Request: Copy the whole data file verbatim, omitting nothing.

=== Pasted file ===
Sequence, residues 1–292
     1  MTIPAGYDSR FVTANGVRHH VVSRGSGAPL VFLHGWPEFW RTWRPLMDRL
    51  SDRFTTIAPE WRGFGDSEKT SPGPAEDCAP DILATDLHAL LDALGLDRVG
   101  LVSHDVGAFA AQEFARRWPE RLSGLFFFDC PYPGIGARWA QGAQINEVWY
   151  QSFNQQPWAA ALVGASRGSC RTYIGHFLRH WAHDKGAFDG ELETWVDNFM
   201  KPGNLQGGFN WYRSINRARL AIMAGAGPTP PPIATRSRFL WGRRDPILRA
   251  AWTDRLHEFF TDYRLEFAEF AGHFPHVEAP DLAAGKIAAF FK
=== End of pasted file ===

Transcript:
Sequence, residues 1–292
     1  MTIPAGYDSR FVTANGVRHH VVSRGSGAPL VFLHGWPEFW RTWRPLMDRL
    51  SDRFTTIAPE WRGFGDSEKT SPGPAEDCAP DILATDLHAL LDALGLDRVG
   101  LVSHDVGAFA AQEFARRWPE RLSGLFFFDC PYPGIGARWA QGAQINEVWY
   151  QSFNQQPWAA ALVGASRGSC RTYIGHFLRH WAHDKGAFDG ELETWVDNFM
   201  KPGNLQGGFN WYRSINRARL AIMAGAGPTP PPIATRSRFL WGRRDPILRA
   251  AWTDRLHEFF TDYRLEFAEF AGHFPHVEAP DLAAGKIAAF FK